Following the pathways down the hillside will afford the visitor with great views of the Lake Washington Ship Canal, where foaming water flows through the spillways and ships can be observed traversing the government locks. There is the opportunity for a short, comfortable walk along the promenade, where one can take advantage of park benches and cozy shelters, before reaching the canal itself, where the fish ladder is clearly visible. In May of 2013, due to extreme eagle predation, the Kiwanis Ravine heron colony moved to Commodore Park from the Kiwanis Memorial Preserve Park. To find out more and volunteer for monthly work parties visit heronhelpers.org.
Commodore Park is named for the street that runs in front of it, although it is not certain whom the street was intended to honor. Most likely it was Commodore Thomas Peary, who reached the North Pole during the Seattle's World's Fair of 1909.
The park first sprouted in the minds of the local residents, who formed the Green Belt Association in 1966 to prevent the construction of an apartment building. Although they had no money, the determined residents took good advantage of the canal's golden anniversary. Their Fourth of July celebration -complete with parades, politicians, twenty thousand people, and a replica of the Boeing biplane-rivaled the original dedication celebration and netted $20,000 as "seed money" to buy the property. The resulted publicity helped to bring in over $1,000,000 more from federal state governments and the Army Corps of Engineers.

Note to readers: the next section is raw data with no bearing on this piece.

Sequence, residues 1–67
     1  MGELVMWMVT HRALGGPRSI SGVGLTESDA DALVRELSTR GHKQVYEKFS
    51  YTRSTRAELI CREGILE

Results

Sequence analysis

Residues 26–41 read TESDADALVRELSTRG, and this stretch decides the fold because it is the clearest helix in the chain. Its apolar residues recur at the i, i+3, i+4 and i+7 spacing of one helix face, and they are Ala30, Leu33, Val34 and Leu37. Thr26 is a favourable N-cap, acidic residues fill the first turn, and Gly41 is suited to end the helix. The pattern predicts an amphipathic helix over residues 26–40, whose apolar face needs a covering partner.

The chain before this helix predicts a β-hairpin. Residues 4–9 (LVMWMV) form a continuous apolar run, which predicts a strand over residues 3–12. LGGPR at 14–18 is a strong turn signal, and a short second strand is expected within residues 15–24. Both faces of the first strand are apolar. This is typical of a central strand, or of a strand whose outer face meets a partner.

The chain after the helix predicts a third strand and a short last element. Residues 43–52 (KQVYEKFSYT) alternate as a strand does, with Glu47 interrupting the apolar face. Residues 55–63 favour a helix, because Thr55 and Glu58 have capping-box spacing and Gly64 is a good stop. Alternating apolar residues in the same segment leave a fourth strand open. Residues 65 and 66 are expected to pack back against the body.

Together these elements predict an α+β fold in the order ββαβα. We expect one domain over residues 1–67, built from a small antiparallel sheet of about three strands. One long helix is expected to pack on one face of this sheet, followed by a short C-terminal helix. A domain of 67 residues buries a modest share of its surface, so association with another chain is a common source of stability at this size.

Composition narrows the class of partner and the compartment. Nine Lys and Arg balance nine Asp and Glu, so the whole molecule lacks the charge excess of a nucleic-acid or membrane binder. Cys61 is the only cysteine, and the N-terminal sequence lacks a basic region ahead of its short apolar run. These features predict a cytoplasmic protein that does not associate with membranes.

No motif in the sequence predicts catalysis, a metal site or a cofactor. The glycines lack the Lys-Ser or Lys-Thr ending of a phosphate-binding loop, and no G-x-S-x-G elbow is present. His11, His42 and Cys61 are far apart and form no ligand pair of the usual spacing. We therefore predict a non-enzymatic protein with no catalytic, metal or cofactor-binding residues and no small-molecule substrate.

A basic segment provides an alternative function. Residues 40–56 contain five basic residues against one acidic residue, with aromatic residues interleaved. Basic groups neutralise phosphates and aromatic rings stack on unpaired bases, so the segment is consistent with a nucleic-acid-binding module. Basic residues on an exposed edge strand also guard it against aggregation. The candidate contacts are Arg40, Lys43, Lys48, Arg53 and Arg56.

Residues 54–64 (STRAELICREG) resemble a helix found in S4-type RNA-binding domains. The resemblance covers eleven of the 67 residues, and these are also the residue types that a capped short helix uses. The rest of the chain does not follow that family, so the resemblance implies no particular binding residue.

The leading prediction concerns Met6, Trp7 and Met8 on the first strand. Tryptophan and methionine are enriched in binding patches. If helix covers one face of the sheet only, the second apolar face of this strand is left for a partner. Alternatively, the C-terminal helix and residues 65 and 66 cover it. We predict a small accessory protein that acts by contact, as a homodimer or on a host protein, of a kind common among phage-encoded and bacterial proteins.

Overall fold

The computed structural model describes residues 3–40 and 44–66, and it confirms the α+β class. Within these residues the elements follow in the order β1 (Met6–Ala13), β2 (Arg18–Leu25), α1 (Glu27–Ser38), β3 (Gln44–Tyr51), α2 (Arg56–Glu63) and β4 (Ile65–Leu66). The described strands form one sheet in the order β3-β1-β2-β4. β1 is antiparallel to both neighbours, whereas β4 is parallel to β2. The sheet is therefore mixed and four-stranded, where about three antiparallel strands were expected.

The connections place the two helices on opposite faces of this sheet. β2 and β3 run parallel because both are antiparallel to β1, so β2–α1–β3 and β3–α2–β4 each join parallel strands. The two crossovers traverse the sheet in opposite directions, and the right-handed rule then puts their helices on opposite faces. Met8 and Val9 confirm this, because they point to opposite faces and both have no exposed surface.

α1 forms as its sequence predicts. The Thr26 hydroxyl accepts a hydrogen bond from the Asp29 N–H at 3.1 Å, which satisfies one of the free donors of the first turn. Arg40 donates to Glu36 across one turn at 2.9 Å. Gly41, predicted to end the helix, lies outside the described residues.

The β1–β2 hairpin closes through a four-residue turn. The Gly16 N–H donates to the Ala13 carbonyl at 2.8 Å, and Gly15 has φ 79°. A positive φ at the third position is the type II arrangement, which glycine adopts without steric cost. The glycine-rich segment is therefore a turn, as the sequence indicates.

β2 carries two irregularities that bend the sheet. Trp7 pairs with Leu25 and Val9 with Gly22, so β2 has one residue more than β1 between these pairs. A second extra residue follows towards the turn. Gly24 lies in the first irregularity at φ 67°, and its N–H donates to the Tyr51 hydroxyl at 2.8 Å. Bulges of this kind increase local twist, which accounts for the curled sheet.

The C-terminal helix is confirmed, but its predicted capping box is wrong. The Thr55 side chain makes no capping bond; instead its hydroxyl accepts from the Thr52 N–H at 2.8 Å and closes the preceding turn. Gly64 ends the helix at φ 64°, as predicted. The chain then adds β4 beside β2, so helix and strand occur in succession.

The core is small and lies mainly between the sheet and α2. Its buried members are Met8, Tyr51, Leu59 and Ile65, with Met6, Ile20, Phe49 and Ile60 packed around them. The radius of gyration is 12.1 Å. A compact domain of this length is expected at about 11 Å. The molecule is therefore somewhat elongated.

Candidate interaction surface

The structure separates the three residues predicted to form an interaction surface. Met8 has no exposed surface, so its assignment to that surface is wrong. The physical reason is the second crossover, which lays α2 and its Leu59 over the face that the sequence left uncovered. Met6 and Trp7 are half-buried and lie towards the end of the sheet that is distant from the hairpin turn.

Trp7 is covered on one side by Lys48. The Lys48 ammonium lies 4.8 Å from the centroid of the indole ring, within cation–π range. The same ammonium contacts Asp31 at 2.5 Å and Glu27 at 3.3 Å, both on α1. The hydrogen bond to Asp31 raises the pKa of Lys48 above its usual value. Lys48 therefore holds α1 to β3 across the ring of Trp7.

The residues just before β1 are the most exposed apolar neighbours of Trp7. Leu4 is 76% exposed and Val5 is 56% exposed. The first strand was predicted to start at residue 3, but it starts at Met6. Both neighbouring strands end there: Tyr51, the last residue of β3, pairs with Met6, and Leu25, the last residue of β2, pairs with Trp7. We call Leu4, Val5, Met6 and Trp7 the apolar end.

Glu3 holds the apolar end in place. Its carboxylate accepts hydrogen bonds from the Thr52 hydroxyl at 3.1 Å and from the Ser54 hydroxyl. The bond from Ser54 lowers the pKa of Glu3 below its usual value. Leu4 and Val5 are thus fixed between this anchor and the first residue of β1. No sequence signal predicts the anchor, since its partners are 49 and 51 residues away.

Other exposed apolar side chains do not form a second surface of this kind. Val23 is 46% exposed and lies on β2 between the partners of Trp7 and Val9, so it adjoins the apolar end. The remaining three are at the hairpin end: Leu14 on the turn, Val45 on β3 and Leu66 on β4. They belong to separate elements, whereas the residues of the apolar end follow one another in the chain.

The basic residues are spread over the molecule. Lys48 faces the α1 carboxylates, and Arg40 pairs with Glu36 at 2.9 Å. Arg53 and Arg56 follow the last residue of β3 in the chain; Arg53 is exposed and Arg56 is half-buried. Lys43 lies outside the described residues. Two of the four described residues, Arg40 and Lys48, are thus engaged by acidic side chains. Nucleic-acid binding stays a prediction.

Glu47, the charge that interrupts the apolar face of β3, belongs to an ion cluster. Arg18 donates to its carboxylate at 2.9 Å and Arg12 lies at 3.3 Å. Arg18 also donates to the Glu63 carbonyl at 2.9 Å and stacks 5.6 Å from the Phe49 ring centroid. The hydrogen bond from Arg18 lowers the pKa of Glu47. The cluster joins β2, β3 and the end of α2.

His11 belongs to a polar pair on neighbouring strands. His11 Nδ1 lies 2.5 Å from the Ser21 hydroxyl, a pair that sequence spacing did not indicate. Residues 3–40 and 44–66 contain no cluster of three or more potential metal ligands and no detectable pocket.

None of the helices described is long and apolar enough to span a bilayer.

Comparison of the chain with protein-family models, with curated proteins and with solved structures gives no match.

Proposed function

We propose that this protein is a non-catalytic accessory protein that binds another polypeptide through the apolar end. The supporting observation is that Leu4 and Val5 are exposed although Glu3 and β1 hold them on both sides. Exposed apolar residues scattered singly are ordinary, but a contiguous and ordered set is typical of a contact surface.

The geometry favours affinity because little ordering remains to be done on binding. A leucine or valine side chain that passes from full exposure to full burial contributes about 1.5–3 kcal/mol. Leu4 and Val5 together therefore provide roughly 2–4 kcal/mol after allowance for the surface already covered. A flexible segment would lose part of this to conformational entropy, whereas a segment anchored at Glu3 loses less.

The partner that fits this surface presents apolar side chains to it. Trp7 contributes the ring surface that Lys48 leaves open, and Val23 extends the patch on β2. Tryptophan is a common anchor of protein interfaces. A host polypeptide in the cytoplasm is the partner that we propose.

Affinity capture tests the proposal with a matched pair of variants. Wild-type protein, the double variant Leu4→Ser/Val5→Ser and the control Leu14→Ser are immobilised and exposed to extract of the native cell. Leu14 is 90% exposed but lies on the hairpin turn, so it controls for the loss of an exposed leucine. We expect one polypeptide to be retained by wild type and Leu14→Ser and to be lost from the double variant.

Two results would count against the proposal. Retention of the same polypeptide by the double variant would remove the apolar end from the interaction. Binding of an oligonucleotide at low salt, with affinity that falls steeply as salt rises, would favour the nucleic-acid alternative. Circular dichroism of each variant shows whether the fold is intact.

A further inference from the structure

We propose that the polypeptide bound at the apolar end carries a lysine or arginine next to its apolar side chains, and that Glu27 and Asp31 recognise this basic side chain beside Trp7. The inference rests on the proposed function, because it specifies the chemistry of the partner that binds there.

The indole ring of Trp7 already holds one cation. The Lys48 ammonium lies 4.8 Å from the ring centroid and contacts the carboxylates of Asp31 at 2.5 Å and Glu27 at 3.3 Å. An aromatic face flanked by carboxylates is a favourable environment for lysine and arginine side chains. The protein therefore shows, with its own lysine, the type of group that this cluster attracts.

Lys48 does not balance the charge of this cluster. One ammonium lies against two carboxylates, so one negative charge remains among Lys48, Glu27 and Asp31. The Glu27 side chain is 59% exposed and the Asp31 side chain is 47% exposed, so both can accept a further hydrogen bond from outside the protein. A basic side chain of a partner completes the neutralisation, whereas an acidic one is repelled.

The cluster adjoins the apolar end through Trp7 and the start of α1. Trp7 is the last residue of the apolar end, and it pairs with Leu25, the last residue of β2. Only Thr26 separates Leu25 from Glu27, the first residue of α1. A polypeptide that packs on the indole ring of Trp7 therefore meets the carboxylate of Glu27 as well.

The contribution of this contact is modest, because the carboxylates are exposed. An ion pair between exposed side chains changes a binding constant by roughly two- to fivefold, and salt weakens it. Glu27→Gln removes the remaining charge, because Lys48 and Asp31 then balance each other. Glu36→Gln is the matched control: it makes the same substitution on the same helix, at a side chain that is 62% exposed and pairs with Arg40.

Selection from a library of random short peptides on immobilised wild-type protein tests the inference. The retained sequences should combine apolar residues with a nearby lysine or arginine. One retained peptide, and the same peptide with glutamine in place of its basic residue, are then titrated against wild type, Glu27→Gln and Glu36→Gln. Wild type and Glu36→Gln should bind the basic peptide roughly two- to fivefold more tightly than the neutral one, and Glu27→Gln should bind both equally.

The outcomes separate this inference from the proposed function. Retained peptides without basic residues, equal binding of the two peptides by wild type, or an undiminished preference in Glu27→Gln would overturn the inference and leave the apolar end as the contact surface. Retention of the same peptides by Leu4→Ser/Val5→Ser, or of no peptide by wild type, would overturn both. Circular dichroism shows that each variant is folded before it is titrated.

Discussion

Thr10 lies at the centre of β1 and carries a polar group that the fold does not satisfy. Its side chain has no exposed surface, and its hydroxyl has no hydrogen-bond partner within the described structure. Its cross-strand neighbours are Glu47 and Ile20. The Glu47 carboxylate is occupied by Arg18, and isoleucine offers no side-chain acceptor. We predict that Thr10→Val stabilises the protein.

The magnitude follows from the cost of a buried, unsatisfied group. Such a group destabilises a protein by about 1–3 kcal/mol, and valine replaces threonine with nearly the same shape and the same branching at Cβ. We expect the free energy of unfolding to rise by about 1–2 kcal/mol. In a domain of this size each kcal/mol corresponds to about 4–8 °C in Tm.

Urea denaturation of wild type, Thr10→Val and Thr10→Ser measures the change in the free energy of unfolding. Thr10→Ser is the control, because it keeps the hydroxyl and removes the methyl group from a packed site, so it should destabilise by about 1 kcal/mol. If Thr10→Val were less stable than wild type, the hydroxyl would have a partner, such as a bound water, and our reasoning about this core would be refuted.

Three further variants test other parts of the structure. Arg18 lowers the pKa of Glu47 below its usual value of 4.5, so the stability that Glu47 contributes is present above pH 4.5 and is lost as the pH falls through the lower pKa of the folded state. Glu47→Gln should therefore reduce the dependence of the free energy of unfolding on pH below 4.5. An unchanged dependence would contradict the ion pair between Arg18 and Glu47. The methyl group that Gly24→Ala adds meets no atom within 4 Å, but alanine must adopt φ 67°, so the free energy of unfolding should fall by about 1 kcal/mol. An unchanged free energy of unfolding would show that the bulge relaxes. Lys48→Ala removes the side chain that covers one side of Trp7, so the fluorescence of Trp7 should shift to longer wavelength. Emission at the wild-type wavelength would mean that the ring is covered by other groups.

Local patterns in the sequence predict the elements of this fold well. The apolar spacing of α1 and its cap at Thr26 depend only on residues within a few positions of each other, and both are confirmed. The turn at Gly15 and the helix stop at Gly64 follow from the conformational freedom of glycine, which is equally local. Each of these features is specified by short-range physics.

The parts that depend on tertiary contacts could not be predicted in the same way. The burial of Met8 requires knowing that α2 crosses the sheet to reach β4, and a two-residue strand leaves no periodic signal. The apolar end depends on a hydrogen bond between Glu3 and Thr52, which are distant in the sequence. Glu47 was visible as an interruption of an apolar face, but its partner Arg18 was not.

The park was dedicated in 1978-predicatably, during the Fourth of July weekend.